What if we are the remedy we need?

Last summer, I joined a group of random strangers, from all around the world, to meet up via zoom, and support each other as accountability buddies, going through a free online foundations training in Active Hope.

I’d heard about it when Manda Scott interviewed the co-creators of the training on her podcast.

I’d had the book, Active Hope, on my bedside table for a while, but wasn’t making headway. Hearing co-author Dr Chris Johnstone and his collaborator Madeleine Young talk about the way they’d brought the Work That Reconnects to life, after years facilitating groups through the process in real life, on a digital platform, tweaked my interest. Life in 2021, was, after all, sponsored by zoom. And then, an invitation landed, to join a newly hatched buddy group, of friends of the podcast, to go through it together.

The course content required about an hour a week and, in combination with weekly meetings with my Active Hope buddies in New Zealand, Portugal, Germany, Scotland, and England/The Netherlands, (that required me to log in at 5am PST), was incredibly resourcing during a time when the IPCC was dropping its first report, COVID was very much at large, and the world seemed to be on a collision course with self-destruction.

The group, and the feeling of fellowship the process engendered, has become so dear that several of us still connect every week.

We took a virtual pilgrimage together – travelling the Spiral of the Work that Reconnects – starting in gratitude as a grounding place, a way to resource ourselves, and then turning to face our pain for the world and honouring it as our recognition that something is out of whack… and then, to see with new eyes by understanding everything as a system which empowers us to be small and to effect change… and to ask, what is mine to do and to go forth with some small intervention you’re going to offer.

Since then, I wondered if it could be re-created in Pemberton, in real life, in the geography and community that I’m part of, by virtue of post-code. I kept mulling over it, circling back to it, but couldn’t find the shape of the thing, couldn’t locate the start-up button, couldn’t spin up the juice or the jam, to initiate it. I chalked it up to COVID-19 which was eating a lot of my energy, even without having contracted it. I didn’t have the mojo to force it, or anything, to life.

So the seed slept.

And then, as the wheel of the year turned to spring, some curious wind blew, and a series of conversations that I don’t even remember having, put all the pieces together, and we’re on our way.

With the support of Stewardship Pemberton, The Society of Trees, the Wellness Almanac and the Whistler Blackcomb Foundation, we’re collaborating to host an 8 week long social club, The Active Hope Climate Squad, kicking off on Monday April 25, with a free guided forest bathing experience, led by Monica Sander Burns of the Society of Trees. We’ll meet Monday evenings at the One Mile Lake Nature Centre until June 13 with the idea that when facing any kind of crisis, but especially a planetary one, it’s best not to go it alone.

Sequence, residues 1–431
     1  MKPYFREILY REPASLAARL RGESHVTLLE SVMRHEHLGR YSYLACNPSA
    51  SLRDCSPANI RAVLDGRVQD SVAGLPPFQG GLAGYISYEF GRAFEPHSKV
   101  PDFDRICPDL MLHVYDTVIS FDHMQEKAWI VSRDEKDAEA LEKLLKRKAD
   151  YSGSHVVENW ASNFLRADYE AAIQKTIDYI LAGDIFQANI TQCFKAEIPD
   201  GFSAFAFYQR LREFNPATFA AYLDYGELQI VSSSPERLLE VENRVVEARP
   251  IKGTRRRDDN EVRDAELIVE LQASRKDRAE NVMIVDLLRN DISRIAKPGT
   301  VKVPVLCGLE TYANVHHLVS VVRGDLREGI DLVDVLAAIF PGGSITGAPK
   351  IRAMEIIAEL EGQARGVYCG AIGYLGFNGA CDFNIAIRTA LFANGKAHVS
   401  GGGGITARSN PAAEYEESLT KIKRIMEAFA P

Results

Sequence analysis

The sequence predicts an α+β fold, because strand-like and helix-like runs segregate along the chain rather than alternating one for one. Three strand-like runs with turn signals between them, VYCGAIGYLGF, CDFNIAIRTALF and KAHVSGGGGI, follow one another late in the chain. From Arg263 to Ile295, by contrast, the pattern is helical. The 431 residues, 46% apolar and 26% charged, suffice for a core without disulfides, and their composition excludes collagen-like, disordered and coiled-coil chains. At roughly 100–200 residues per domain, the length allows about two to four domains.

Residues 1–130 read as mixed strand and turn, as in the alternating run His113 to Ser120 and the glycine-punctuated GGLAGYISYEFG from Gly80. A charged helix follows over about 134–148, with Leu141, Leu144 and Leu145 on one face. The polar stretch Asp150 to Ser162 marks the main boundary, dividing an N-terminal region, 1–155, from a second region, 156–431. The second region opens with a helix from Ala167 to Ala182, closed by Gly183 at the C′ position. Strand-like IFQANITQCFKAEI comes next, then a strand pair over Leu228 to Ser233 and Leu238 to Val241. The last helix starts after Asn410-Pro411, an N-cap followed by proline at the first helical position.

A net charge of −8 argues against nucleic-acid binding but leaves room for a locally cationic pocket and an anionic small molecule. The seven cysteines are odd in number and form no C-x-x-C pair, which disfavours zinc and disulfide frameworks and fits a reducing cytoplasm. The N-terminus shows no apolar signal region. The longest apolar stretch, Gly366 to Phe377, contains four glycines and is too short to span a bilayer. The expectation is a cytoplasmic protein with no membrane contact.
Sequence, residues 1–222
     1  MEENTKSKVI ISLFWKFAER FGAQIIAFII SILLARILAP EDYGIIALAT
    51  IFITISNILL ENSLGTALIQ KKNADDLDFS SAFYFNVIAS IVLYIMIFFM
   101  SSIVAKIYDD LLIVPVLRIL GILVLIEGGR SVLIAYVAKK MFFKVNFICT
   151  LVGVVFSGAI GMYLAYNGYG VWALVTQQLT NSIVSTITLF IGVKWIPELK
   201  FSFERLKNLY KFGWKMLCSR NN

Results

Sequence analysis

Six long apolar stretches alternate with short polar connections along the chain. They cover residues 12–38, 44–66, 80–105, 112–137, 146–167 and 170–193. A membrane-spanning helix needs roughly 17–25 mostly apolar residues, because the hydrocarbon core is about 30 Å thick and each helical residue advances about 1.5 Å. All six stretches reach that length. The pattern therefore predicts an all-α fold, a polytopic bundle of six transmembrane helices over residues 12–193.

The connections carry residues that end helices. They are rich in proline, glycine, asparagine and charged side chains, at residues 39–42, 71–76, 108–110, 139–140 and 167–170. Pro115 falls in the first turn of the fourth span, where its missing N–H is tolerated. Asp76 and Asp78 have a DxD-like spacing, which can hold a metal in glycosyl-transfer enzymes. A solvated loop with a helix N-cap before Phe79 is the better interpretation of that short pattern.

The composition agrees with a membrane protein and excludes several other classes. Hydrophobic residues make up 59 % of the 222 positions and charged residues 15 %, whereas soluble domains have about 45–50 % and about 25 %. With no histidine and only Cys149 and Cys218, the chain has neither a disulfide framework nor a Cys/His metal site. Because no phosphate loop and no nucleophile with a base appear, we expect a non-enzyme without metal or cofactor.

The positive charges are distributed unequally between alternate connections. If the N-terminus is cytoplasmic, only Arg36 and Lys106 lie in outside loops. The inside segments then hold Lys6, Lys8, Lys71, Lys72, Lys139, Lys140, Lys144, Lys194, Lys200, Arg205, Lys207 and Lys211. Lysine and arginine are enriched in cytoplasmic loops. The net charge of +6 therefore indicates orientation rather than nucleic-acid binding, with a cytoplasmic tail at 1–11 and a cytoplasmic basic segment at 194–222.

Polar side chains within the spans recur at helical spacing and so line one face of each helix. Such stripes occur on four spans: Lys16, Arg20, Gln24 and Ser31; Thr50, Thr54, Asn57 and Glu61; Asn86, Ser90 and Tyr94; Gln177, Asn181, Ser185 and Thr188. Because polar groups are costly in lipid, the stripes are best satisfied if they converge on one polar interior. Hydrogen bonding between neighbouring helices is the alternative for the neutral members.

What magic might we be able to call forth, by coming together, finding kindreds, learning some time-tested techniques in resilience and grounding it all in the forest?

I’m not sure what’s going to happen.

I’m not sure how it’s going to go.

I know I’m not going to able to recreate the experience I had with my zoom buddies, my fellowship, who taught me what resonance we can create even when we’re not physically geographically together, and how potent it is to be held in circle… because I’m not even the same person any more.

But, I’m curious that this thing I’d wondered how to “make happen” is suddenly, seamlessly happening, and I’m so hopeful that the lesson from this is that when we’re in alignment with the stars, the timing, the whoever and whatever that is benevolent mystery, the things that want to work through you, will, and they’ll carry you as you do, and they’ll line up your allies and collaborators and kindreds as if to say, isn’t this what you’ve been longing for, dear one?

And I am afraid of the depth of my longing – for a future I can dream into and launch my kiddo into with joy and a packed lunch and all my best hopes for him. I am afraid that if I truly own the depth of the longing, I will break apart, I will push people away, I will somehow endanger what I most cherish.

But what seems evident, right now, is that inaction will bring forth all the worst possibilities. And so, we’ll come together, in the forest, and walk the spiral path, and see where it leads.

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